by Jack Bechta
July 02, 02009
In the first part of this series, I wrote about my own path to becoming an NFL agent and whether a law degree can be a valuable asset. Today, I’ll discuss grad school and the various sports management programs now available to would-be agents and sports team executives.
When I read the Sports Business Journal or other industry papers, I often see advertisements for universities’ sports management programs. More and more, colleges are offering MBAs in sports management and/or marketing.
What I find interesting is that a majority of these schools’ professors have never worked as agents, negotiators or in any other capacity in sports. Many of them have been professors all of their adult lives. So where's the beef? Where’s the real-world experience? Many of these programs can be akin to the class attended by Thorton Mellon in “Back to School.”
Some of these programs charge between $30,000 and $60,000 for a one- or two-year program. They offer internships and even a relation of some sort with a real pro team. However, the problem is that most of the time, no one in the campus building has ever worked in sports. Additionally, the programs may claim to have an internship component, but only one of every 30 students can actually obtain an internship.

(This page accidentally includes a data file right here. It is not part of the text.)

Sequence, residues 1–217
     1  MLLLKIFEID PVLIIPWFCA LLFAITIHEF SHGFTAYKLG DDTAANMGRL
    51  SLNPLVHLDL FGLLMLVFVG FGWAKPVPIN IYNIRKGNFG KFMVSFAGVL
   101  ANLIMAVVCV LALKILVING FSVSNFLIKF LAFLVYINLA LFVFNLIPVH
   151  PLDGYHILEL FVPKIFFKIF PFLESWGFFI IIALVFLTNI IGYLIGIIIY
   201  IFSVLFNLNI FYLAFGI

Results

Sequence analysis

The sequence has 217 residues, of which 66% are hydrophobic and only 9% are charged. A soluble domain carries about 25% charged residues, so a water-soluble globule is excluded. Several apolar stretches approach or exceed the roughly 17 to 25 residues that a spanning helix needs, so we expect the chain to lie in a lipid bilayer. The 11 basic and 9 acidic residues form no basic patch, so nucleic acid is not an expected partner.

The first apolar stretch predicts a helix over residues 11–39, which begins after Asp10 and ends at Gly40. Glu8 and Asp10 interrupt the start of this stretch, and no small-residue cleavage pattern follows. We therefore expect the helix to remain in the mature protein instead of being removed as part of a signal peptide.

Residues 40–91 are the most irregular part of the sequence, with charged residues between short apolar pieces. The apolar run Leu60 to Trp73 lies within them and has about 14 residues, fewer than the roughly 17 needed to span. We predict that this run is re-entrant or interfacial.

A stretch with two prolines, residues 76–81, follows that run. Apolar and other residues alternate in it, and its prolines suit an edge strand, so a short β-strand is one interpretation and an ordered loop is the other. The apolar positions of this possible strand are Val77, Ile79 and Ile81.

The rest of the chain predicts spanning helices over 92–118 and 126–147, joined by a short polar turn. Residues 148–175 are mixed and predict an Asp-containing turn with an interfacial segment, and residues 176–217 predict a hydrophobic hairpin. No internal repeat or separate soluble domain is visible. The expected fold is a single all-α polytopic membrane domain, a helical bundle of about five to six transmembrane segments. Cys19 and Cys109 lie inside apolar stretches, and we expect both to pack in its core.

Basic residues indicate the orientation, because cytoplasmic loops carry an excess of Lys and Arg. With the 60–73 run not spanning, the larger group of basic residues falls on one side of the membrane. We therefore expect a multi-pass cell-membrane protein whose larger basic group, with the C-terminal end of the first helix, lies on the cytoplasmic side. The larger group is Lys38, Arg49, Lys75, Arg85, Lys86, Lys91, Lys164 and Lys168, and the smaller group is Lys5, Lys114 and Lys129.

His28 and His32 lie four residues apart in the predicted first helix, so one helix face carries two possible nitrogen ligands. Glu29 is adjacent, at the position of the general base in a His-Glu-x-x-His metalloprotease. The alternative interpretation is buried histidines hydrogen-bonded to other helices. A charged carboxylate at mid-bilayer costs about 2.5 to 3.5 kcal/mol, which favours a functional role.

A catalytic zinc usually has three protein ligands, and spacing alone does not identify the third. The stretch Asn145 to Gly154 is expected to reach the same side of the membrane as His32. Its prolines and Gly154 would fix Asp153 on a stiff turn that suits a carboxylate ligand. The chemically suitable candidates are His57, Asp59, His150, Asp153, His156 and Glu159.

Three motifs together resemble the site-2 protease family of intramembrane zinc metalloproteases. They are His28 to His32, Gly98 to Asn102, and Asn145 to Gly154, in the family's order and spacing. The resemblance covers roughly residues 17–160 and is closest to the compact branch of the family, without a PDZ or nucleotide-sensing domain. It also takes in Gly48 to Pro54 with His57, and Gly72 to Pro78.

I spoke recently to a very smart woman who had undergrad degree from Harvard and plopped down $40,000 for one of these programs. She told me that she doesn’t really feel like she’s learning anything special and that the well-known university oversold the program. She said she learned more in two hours talking to me and an MLB executive than she did in her first year in the program. I’m not saying I know everything, but I try to give young people real-world practical advice, as I’m doing now.
If you’re considering grad school for a sports management program, check to see who the professors are and what their experience is. I would advise you to look for professors like my colleague here at the National Football Post, Andrew Brandt, who lectures at the University of Pennsylvania’s Wharton School of Business. Andrew has been a GM, a player’s agent, a salary cap manager and, most recently, an entrepreneur. He’s currently consulting for the Eagles. These are the kind of people you want to learn from. Make sure you get your money’s worth.
I’ll tell you from experience that most sports people get hired because of their personality and real-world experiences than their educational resume.
And now, the two most important ingredients you’ll need to break in and succeed in the sports industry (especially as an agent) are:
1) a competitive nature
All the people I know who work at top of the sports stratosphere possess these two intangibles. The top agents in our business might not have the greatest educational background, but when it comes to these two traits, they’ve got plenty.
So whether you go to law school or graduate school or pass on both, be ready to compete. And know that your determination can get you through the door -- and ultimately help you to succeed.
In a future series, I’ll be writing about the first-hand experiences of agents, executives and team presidents and how they broke into the business.